Theresa May 'won't be afraid' to challenge Donald Trump
Theresa May says she "won't be afraid" to tell Donald Trump if he says or does anything she feels is "unacceptable".
The two will hold talks in the White House on Friday on issues such as trade and security, with the prime minister being the first foreign leader to meet the US President since he took office.
She told the BBC that the special relationship between the two countries enabled her to raise difficult matters.
She insisted she had a "strong track record" of defending women's rights.
Thousands of protesters took part in demonstrations on both sides of the Atlantic on Saturday as part of an international campaign to highlight concerns over the president's views on gender and racial equality.
Mrs May told Andrew Marr she was looking forward to meeting Mr Trump for the first time in Washington and to build on the strong relations of past UK and US leaders.
Asked whether she would raise some of the comments that Mr Trump made about women and women's issues during the presidential campaign, she said.
"I have already said that some of the comments Donald Trump has made in relation to women were unacceptable. Some of those he himself has apologised for.
Mrs May said she would be making a "big statement about the role of women" by meeting and negotiating with the US President on an equal footing.
Citing her work on introducing new laws on modern slavery and domestic violence, she said she had a record of defending women's interests while in power.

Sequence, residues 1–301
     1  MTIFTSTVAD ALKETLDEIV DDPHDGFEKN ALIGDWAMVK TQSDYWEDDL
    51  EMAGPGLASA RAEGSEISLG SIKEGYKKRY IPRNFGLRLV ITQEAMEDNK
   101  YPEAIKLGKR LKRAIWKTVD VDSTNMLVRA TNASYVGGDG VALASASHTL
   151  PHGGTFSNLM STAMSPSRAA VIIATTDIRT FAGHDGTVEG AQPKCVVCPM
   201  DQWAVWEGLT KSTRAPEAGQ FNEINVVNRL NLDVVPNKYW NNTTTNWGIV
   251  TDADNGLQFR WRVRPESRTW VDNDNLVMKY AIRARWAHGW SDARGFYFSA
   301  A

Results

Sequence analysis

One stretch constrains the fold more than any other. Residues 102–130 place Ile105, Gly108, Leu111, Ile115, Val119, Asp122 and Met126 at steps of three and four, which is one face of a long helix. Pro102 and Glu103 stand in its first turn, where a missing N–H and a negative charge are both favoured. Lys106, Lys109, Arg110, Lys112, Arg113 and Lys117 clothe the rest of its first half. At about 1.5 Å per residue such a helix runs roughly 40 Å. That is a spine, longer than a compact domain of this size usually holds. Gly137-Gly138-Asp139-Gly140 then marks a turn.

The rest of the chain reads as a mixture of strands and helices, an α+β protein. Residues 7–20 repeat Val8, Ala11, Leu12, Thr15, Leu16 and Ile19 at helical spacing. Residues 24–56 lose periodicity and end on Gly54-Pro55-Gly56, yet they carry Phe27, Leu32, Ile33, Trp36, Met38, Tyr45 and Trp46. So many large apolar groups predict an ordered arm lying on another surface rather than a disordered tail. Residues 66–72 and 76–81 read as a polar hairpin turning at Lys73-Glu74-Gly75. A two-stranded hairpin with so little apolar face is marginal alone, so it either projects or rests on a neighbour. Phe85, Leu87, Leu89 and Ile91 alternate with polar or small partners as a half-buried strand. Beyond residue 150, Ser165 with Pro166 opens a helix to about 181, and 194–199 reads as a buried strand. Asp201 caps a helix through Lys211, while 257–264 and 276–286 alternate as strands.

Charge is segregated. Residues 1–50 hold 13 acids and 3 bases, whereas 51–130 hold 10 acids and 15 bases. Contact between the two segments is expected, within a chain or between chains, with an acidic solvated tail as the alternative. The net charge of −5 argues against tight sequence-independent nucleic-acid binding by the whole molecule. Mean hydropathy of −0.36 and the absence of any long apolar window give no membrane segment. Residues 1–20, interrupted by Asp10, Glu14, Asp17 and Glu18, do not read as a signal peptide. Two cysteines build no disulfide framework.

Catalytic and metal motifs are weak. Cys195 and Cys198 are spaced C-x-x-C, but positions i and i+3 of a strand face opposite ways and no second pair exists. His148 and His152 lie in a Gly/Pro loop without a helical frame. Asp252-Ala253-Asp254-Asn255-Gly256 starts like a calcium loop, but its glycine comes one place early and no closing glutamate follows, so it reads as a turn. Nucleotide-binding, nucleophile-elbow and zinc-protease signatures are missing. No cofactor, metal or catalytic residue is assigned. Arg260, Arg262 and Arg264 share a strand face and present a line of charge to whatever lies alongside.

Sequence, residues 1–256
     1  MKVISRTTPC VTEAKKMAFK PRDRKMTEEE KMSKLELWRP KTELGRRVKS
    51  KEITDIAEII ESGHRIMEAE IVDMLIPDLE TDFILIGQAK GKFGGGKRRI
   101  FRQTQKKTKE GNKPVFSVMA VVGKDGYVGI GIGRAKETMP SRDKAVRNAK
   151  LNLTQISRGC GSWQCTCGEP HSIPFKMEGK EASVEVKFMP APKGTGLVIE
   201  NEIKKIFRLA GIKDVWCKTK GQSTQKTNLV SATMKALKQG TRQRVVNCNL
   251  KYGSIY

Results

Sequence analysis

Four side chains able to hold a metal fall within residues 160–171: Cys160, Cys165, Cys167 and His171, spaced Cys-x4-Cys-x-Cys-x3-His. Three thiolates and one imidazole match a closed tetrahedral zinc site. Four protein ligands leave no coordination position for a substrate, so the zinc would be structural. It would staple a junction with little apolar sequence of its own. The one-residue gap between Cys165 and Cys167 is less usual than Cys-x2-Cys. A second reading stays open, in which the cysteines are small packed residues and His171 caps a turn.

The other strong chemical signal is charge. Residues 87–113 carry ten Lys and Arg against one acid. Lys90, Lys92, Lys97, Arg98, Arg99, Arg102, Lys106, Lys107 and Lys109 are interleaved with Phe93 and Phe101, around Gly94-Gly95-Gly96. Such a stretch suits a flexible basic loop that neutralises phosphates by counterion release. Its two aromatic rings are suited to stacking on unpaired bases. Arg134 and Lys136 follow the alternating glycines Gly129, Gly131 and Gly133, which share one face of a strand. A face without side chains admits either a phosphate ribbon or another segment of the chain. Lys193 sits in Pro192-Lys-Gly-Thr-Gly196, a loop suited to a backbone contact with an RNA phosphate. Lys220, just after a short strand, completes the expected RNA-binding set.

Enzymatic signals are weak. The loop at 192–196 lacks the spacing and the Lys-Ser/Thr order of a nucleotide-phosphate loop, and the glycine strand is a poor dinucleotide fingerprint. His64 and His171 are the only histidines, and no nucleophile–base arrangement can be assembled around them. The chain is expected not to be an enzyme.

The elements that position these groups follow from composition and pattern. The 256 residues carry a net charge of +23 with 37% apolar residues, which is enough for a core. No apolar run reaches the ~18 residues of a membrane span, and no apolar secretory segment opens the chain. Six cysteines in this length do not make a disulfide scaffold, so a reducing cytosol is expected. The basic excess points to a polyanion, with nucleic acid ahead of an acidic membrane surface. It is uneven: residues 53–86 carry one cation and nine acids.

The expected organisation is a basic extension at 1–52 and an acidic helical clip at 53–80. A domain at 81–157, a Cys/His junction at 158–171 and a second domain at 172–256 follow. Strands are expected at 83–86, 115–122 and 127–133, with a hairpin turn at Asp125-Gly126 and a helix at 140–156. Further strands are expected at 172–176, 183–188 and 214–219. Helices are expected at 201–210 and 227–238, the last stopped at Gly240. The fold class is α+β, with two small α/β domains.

"I will be talking to Donald Trump about the issues we share and how we can build on the special relationship," she said.
"It is the special relationship that allows us to say when something is unacceptable.
"Whenever there is something I find unacceptable, I won't be afraid to say that to Donald Trump."
Asked what she thought about Mr Trump's inauguration speech, she said his vow to put America first was a "clear message" but all leaders prioritised their own nations' interests.
She said she was not overly alarmed by Mr Trump's protectionist rhetoric on trade, saying the US President hade made it clear he wants a strong relationship with the UK and she expected to be able to raise the matter while in Washington.
"He and people around him have also spoken about the importance of a trade agreement with the UK and that is something that are looking to talk to us about an early stage."
Whether she was a strong believer in free trade as a lynchpin of growing prosperity, she also recognised the economic benefits of globalisation must be spread more widely.
She said the US and UK had a deep and broad-based relationship, spanning a range of shared interests and values.
She added: "There are issue that we will work on together in the future – the importance of Nato and defeating terrorism.
"These are issues where we share the challenges and see the threats, where we have worked together in the past and will do so in the future."
Mr Trump, whose mother was born in Scotland and who has extensive business interests there, has made no secret of his love for the United Kingdom. He has also backed the UK's decision to leave the European Union saying Brexit was a "smart" move.
Asked whether Mr Trump was likely to be granted a state visit to the UK later this year, Mrs May said she would be pleased to welcome him to the country, but invitations were strictly a matter for Buckingham Palace.